A partialCI Guide

Matthew Clegg

Christopher Krauss

Jonas Rende



The partialCI package fits a partial cointegration model to describe a time series. Partial cointegration (PCI) is a weakening of cointegration, allowing for the residual series to contain a mean-reverting and a random walk component. Analytically, this residual series is described by a partially autoregressive process (PAR – see Summers (1986), Poterba and Summers (1988), and Clegg (2015a)), consisting of a stationary AR-process and a random walk. Whereas classic cointegration in the sense of Engle and Granger (1987) requires all shocks to be transient, PCI is more flexible and allows for permanent shocks as well – a realistic assumption across many (macro)economic applications. Even though neither the residual series, nor its mean-reverting and permanent component are directly observable, estimation is still possible in state space – see Brockwell and Davis (2010) and Durbin and Koopman (2012).

The partial cointegration framework

Model definition

Based on Engle and Granger (1987), Clegg and Krauss (2016) define the concept of partial cointegration as follows: : “The components of the vector \(X_t\) are said to be partially cointegrated of order \(d\), \(b\), denoted \(X_t \sim PCI\left(d,b\right)\), if (i) all components of \(X_t\) are \(I\left(d\right)\); (ii) there exists a vector \(\alpha\) so that \(Z_t = \alpha \prime X_t\) and \(Z_t\) can be decomposed as a sum \(Z_t = R_t + M_t\), where \(R_t \sim I\left(d\right)\) and \(M_t \sim I\left(d - b\right)\).”

Let \(Y_t\) denote the target time series and \(X_{j,t}\) the \(j^{th}\) factor time series at time \(t\), where \(j = \lbrace 1, 2, \dots, k \rbrace\). The target time series and the \(k\) factor time series are partially cointegrated, if a parameter vector \(\iota = \left\lbrace\beta_1, \beta_2, \dots, \beta_k, \rho, \sigma_M, \sigma_R, M_0, M_R\right\rbrace\) exists such that the subsequent model equations are satisfied:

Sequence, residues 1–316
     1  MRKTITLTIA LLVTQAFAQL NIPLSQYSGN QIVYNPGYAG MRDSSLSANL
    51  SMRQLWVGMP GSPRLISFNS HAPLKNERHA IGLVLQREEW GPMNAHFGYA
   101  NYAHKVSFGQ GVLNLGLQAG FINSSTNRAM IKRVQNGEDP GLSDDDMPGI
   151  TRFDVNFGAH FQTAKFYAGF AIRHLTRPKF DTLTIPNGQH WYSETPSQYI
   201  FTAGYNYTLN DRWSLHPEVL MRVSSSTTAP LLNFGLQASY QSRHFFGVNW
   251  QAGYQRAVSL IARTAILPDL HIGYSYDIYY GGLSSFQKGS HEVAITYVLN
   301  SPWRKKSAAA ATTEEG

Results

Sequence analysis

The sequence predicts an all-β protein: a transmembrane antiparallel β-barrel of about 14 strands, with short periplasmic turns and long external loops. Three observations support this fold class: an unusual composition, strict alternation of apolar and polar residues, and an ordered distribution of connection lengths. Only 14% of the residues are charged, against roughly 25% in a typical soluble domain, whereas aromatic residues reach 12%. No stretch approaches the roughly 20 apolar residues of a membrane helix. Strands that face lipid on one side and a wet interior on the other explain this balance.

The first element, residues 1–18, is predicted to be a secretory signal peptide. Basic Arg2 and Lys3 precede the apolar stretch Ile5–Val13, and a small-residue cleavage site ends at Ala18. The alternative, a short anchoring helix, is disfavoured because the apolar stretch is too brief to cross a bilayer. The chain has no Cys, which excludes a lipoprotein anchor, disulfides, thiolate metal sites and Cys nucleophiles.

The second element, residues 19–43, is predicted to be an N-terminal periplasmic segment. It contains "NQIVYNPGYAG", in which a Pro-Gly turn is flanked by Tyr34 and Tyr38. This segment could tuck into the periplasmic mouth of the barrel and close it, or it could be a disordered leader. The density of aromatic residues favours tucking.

\[ \begin{aligned} Y_{t} &= \beta_1 X_{1,t} + \beta_2 X_{2,t} + ... + \beta_k X_{k,t} + W_t \\ W_t &= M_t + R_t \\ M_t &= \rho M_{t-1} + \varepsilon_{M,t}\\ R_t &= R_{t-1} + \varepsilon_{R,t}\\ \varepsilon_{M,t} &\sim \mathcal{N}\left(0, \sigma^2_M\right)\\ \varepsilon_{R,t} &\sim \mathcal{N}\left(0, \sigma^2_R\right)\\ \beta_j \in \mathbb{R}; \rho &\in \left(-1, 1\right);\sigma^2_M, \sigma^2_R \in \mathbb{R}_0^+. \\ \end{aligned} \] Thereby, \(W_t\) denotes the partially autoregressive process, \(R_t\) the permanent component, \(M_t\) the transient component and \(\beta = \lbrace \beta_1, \beta_2, \dots, \beta_k \rbrace\) is the partially cointegrating vector. The permanent component is modeled as a random walk and the transient component as an AR(1)-process with \(AR(1)\)-coefficient \(\rho\). The corresponding error terms \(\varepsilon_{M,t}\) and \(\varepsilon_{R,t}\) are assumed to follow mutually independent, normally distributed white noise processes with mean zero and variances \(\sigma^2_M\) and \(\sigma^2_R\). A key advantage of modeling the cointegrating process as a partially autoregressive process is that we are able to calculate the proportion of variance attributable to mean-reversion (PVMR), defined as (Clegg and Krauss (2016)), \[ R^2_{MR} = \frac{VAR\left[\left(1-B\right)M_t\right]}{VAR\left[\left(1-B\right)W_t\right]} = \frac{2\sigma^2_M}{2\sigma^2_M + \left(1+\rho\right)\sigma^2_R} , \hspace{0.2cm} R^2_{MR} \in \left[0,1\right], \] where \(B\) denotes the backshift operator. The statistic \(R^2_{MR}\) is useful to assess how close the cointegration process is to either a pure random walk \(\left(R^2_{MR} = 0\right)\) or a pure AR(1)-process \(\left(R^2_{MR} = 1\right)\).